Flow cytometry

FACS analysis was carried out as described previously (12). Briefly, normal B cells, Raji, and Daudi cells were treated with various concentrations of ixazomib for 48 hours, and the cells were harvested, washed with PBS, and incubated with the FITC-Annexin V antibody (556419 BD Biosciences) and TO-PRO-3 stain (Molecular Probes). Samples were analyzed using BD Accuri C6 Plus flow cytometer (BD Biosciences).

Cell-cycle analyses

After indicated treatments, cells were harvested, washed with PBS, and fixed in ethanol overnight at −20°C. The cell-cycle analysis was performed as described previously (12).

Cell fractionation and immunoblot analyses

After indicated treatments, the cells were harvested, and nuclear and cytosolic fractionations were made using NE-PER Nuclear and Cytoplasmic Extraction Kit (Pierce Biotechnology). For immunoblot analyses, total cell lysates were made with a nondenaturing lysis buffer with protease inhibitors (cOmplete Mini, Roche Diagnostics), protein concentrations were determined using BCA Protein Assay Kit (Pierce Biotechnology), and the samples were separated by SDS-PAGE as described previously (12). The blots were scanned using the Odyssey IR scanner (LI-COR Biosciences).

Immunofluorescence

After designated treatments, cells were cytospun onto glass slides (Wescor Cytopro Cytocentrifuge), fixed with 4% paraformaldehyde, permeabilized with 0.5% Triton-X-100 in PBS, and blocked with 5% BSA/PBS. The slides were then incubated with p65 antibody for 2 hours, washed with PBS and incubated with secondary antibody conjugated with Dylight-594 for an hour (D1-2594, Vector Laboratories), and finally mounted with Vectashield antifade mounting medium with DAPI (H-1200, Vector Laboratories). Images were acquired using with an Eclipse E1000 microscope (Nikon).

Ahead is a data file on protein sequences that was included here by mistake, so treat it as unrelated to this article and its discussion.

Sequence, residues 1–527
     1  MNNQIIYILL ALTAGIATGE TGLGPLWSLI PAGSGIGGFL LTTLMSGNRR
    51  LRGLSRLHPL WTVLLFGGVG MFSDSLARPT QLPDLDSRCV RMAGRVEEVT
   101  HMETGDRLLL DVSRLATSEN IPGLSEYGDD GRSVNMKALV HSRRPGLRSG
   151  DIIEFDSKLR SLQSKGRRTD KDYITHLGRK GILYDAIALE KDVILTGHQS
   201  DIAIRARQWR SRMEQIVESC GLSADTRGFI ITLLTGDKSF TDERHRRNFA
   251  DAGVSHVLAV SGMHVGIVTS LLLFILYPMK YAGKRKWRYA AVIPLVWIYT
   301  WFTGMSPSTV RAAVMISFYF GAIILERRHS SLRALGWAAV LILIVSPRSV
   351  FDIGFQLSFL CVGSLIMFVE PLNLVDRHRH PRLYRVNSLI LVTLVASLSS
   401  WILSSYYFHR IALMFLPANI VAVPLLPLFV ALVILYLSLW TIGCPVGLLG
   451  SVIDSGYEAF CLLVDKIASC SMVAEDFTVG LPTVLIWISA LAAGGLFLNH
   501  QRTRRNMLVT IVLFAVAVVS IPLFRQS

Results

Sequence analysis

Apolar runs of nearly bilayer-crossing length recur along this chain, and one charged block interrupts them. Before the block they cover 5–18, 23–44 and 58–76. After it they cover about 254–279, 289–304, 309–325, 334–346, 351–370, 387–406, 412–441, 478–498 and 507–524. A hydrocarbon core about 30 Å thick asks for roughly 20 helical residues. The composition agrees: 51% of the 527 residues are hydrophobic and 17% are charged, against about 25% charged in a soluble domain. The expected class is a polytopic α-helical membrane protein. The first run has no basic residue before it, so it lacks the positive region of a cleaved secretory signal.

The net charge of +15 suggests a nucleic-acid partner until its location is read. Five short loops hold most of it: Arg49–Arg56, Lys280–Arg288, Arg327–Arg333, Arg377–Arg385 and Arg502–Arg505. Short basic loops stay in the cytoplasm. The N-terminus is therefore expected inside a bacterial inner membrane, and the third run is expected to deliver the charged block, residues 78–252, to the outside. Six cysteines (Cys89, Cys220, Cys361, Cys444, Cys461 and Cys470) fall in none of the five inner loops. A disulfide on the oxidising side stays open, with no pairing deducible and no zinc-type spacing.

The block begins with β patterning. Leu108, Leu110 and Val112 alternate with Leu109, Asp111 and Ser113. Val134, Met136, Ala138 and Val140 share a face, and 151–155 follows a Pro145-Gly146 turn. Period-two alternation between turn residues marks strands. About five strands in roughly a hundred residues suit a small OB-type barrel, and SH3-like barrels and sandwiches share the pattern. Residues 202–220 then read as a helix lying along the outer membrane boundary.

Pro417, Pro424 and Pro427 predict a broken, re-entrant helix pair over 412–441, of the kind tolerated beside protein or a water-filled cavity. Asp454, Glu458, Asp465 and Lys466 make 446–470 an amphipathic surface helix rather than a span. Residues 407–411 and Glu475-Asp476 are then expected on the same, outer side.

Statistical analyses

Significant differences in values between treated and untreated lymphoma cells in different experimental conditions were determined by one-way ANOVA with Dunnett test method (SigmaPlot, version 13.0; Systat Software). Significance was defined as P < 0.05.

Ixazomib induces apoptosis in EBV-associated lymphoma cells

We determined the apoptotic effect of ixazomib in EBV-associated lymphoma cell lines Raji and Daudi. The normal B cells and the lymphoma cell lines were treated with increasing concentrations (0 to 100 nmol/L) of ixazomib for 48 hours. After treatment, cells were washed with PBS and incubated with FITC-Annexin V and To-Pro-3 stain. The percentage of apoptotic cells was then determined by flow cytometry. As demonstrated in Fig. 1A, Raji and Daudi cell lines showed induced apoptosis in a dose-dependent manner (P < 0.005; Fig. 1A), but no significant effect was seen on normal B cells. The two tested cell lines are sensitive to ixazomib. Altogether, these results suggest that ixazomib induces apoptosis in EBV-associated lymphoma cell lines.

Figure 1.

Proteasome inhibitor ixazomib induces apoptosis and cell-cycle arrest in EBV-positive lymphoma cells: A, Ixazomib induces apoptosis in EBV-associated lymphoma cells. Normal B cells (n = 3), Raji, and Daudi cells were treated with the indicated concentrations of ixazomib for 48 hours. Cells were harvested, washed, and stained with FITC-Annexin V and TOPRO-3 and the percentages of apoptotic cells were determined by flow cytometry. Columns represent the mean of three independent experiments; bars represent the SEM. B, Ixazomib induces G2–M cell-cycle arrest in EBV-associated lymphoma cells. Raji and Daudi cells were treated with indicated concentration of ixazomib for 24 hours. Cells were fixed and stained with propidium iodide and cell-cycle status was determined by flow cytometry. Values represent the mean of three independent experiments.

Figure 1.

Proteasome inhibitor ixazomib induces apoptosis and cell-cycle arrest in EBV-positive lymphoma cells: A, Ixazomib induces apoptosis in EBV-associated lymphoma cells. Normal B cells (n = 3), Raji, and Daudi cells were treated with the indicated concentrations of ixazomib for 48 hours. Cells were harvested, washed, and stained with FITC-Annexin V and TOPRO-3 and the percentages of apoptotic cells were determined by flow cytometry. Columns represent the mean of three independent experiments; bars represent the SEM. B, Ixazomib induces G2–M cell-cycle arrest in EBV-associated lymphoma cells. Raji and Daudi cells were treated with indicated concentration of ixazomib for 24 hours. Cells were fixed and stained with propidium iodide and cell-cycle status was determined by flow cytometry. Values represent the mean of three independent experiments.

Close modal

Ixazomib induces G2–M cell-cycle arrest in EBV-associated lymphoma cells